Spiel des Jahres , MENSA Select, Golden Geeks, Dice Tower Awards, Golden Elephants. Shake a tree and surely another board game award will drop out of it. What do we make of them and how to we make use of them?
Spiel des Jahres is an award for analogue tabletop games in German-speaking countries, which was first’ awarded in 1979. German-language games released in the current and previous year can be considered for the award. Two additional equivalent prizes are also awarded: the “Kinderspiel des Jahres” (since 2001) and the “Kennerspiel des Jahres” (since 2011). There is no prize money associated with the title of “Spiel des Jahres”. The prize winners may use the award in their publicity, which incurs licensing fees. This revenue is used to meet various expenses: “Spiel des Jahres” is a registered association (e.V.) with its company headquarters in Kerpen.
The BoardGameGeek Golden Geek Award is announced every year around March. The winners of the Golden Geek are selected by the nomination and voting of the user community of BoardGameGeek.com website.
“Jogo de Ano” is the prize that SpielPortugal created in order to distinguish one game that stands out greatly from the games released throughout the year.
Each year, members of Mensa meet over one weekend to play and rate the year’s newest board games. The top five games earn Mensa Select distinction and may display the Mensa Select seal on their packaging.
The Golden Elephant Award is the annual award handed out to the most outstanding board game of the year, from the heavy-gamer perspective, as voted upon by Heavy Cardboard.
The Academy Awards, also known as the Oscars, are a set of 24 awards for artistic and technical merit in the American film industry, given annually by the Academy of Motion Picture Arts and Sciences (AMPAS), to recognize excellence in cinematic achievements as assessed by the Academy’s voting membership.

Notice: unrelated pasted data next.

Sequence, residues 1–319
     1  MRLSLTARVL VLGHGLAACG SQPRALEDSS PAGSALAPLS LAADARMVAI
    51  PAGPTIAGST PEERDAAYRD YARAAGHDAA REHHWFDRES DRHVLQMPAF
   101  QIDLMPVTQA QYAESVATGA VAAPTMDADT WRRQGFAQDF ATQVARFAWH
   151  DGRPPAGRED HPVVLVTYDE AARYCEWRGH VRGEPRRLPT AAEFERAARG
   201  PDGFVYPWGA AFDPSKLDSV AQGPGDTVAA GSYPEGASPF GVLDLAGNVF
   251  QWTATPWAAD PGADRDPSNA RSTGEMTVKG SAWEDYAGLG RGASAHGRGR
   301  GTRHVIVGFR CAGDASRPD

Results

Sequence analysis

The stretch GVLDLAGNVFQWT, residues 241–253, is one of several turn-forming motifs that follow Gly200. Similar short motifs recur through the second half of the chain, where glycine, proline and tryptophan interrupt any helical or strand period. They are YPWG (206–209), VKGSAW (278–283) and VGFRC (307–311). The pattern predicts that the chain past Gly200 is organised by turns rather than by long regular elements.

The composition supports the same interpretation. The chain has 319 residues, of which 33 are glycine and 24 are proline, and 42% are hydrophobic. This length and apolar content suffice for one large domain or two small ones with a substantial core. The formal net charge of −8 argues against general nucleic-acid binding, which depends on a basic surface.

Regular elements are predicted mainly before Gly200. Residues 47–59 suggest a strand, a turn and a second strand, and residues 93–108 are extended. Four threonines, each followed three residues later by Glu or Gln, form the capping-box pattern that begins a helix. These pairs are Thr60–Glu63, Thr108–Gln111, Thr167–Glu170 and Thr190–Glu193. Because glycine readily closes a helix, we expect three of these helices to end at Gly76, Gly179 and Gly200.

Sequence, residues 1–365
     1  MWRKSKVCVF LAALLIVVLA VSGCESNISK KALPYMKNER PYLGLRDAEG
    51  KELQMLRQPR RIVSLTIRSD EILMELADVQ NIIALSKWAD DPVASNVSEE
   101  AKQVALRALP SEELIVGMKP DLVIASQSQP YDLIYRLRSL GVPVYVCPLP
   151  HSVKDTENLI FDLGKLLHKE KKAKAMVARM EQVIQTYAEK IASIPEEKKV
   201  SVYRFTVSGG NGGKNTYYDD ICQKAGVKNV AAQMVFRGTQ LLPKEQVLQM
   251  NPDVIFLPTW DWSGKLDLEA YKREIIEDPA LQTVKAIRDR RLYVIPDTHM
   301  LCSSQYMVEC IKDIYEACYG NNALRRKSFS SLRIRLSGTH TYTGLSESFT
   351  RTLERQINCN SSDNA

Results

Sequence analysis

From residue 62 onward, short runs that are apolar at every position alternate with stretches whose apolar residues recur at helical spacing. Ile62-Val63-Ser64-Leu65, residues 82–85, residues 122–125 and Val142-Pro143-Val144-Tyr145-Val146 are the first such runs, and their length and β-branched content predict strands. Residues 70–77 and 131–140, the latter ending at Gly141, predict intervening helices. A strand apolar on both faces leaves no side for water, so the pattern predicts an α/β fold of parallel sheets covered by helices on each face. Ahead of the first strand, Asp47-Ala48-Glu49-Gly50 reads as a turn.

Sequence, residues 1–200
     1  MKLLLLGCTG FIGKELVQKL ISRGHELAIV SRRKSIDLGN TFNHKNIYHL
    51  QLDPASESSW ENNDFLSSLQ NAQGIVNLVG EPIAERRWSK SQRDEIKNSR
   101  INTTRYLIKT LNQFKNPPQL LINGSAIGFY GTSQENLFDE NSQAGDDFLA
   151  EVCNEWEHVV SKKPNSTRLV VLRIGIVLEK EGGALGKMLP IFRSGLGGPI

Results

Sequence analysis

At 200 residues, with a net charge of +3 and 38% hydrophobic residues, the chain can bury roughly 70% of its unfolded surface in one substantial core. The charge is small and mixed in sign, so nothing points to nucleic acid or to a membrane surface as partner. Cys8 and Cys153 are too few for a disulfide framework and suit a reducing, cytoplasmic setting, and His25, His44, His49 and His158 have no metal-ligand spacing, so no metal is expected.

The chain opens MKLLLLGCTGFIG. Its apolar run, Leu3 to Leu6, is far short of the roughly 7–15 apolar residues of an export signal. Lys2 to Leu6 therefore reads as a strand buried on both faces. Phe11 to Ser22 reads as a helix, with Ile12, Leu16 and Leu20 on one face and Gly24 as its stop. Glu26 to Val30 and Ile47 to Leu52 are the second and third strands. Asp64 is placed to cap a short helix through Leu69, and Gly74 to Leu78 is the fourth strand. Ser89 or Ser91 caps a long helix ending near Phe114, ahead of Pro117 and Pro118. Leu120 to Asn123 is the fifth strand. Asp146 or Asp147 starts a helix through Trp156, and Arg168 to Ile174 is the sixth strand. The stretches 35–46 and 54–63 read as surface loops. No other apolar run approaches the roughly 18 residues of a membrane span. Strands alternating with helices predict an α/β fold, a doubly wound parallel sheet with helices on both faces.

Gloomhaven is a game of Euro-inspired tactical combat in a persistent world of shifting motives. Players will take on the role of a wandering adventurer with their own special set of skills and their own reasons for traveling to this dark corner of the world. Players must work together out of necessity to clear out menacing dungeons and forgotten ruins. In the process, they will enhance their abilities with experience and loot, discover new locations to explore and plunder, and expand an ever-branching story fueled by the decisions they make.
Scythe is an engine-building game set in an alternate-history 1920s period. It is a time of farming and war, broken hearts and rusted gears, innovation and valor. In Scythe, each player represents a character from one of five factions of Eastern Europe who are attempting to earn their fortune and claim their faction’s stake in the land around the mysterious Factory. Players conquer territory, enlist new recruits, reap resources, gain villagers, build structures, and activate monstrous mechs.
Love Letter: Batman is a game of risk, deduction, and luck for 2–4 players based on the original Love Letter game by Seiji Kanai. The deck consists mostly of criminals, with Joker being the most valuable card at #8, Harley Quinn at #7, and so on, with Robin showing up at #4 and Batman as #1, which is the guard in the original Love Letter. Your goal is either to hold — that is, have captured — the highest valued card at the end of the round or to be the final player active in the round.
Splendor [our review] is a game of chip-collecting and card development. Players are merchants of the Renaissance trying to buy gem mines, means of transportation, shops—all in order to acquire the most prestige points. If you’re wealthy enough, you might even receive a visit from a noble at some point, which of course will further increase your prestige.
Impulse is a quick-playing 4X (explore, expand, exploit, and exterminate) game set in space with the game board being composed of cards that have actions on them. Players also have cards in hand, and in addition to featuring one of ten possible actions, these cards have a color (red, yellow, blue or green) and a size (1, 2 or 3, as indicated by the number of icons on the card). Each card also has six edges, and these edges connect adjacent cards in the hex-shaped playing area.
In the game Azul, players take turns drafting colored tiles from suppliers to their player board. Later in the round, players score points based on how they’ve placed their tiles to decorate the palace. Extra points are scored for specific patterns and completing sets; wasted supplies harm the player’s score. The player with the most points at the end of the game wins.
Intro Music Provided by Mitch Music
Title: Funny Bone
Outro Music by Sirius Beat
Elevate Link: http://youtu.be/8tLGk6pi4W4